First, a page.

5 The stock of knowledge depends on its initial value and its growth rate. Stock of knowledge Initial amount of knowledge rate of knowledge Why is There in the Romer Model? The Romer model produces the desired longrun economic growth that Solow did not. In the Solow model, capital has diminishing returns. Eventually, capital and income stop growing. Output per person grows at a constant rate and is a straight line on a ratio scale. Combining the following two equations: and The Romer model does not have diminishing returns to ideas because they are nonrivalous. yields: The level of output per person is now written entirely as a function of the parameters of the model. Look at the exponents on the endogenous terms on the right side. Labor and ideas have increasing returns together. Returns to ideas are unrestricted. Balanced The Solow model Transition dynamics The Romer model Does not exhibit transition dynamics Instead, has balanced growth path. The growth rates of all endogenous variables are constant. 5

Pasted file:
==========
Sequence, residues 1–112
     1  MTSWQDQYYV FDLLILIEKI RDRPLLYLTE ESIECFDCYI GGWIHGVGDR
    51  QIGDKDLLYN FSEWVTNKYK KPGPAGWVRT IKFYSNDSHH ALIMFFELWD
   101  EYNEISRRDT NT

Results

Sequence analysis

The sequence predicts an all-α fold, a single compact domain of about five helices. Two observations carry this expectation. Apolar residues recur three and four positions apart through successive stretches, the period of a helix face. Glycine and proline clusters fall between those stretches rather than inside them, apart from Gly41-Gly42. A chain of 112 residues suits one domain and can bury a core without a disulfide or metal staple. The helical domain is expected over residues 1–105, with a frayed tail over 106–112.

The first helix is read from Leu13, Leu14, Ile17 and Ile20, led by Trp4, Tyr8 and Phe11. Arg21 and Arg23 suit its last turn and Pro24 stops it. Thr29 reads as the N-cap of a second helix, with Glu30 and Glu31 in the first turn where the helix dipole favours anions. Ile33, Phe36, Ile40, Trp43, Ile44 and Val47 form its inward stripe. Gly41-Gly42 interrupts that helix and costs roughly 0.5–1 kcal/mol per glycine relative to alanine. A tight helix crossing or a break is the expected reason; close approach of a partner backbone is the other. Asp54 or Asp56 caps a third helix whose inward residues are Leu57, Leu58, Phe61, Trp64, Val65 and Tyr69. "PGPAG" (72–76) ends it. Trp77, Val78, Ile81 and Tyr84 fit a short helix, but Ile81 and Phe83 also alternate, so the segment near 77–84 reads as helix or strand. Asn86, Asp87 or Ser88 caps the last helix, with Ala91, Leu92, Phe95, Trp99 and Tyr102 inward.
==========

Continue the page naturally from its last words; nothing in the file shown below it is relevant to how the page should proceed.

6 Case Study: A Model of World Knowledge The United States has more researchers than Luxembourg has people. rates United States 2.3 percent per year increase in per capita GDP Luxembourg 3.2 percent per year increase in per capita GDP How? All countries can benefit from all ideas, no matter where the ideas were discovered. Experiments in the Romer Model Parameters in the Romer model: Experiment #2: Changing the Research Share Initial stock of ideas at time t = 0 Productivity Fraction of the population doing research Population An increase in the fraction of labor making ideas, holding all other parameters equal, will increase the growth rate of knowledge. Experiment #1: Changing the Population A change in population changes the growth rate of knowledge. An increase in population will immediately and permanently raise the growth rate of per capita output. If more people work to produce ideas, less people produce output. The level of output per capita jumps down initially. But the growth rate has increased for all future years. Output per person will be higher in the long run. 6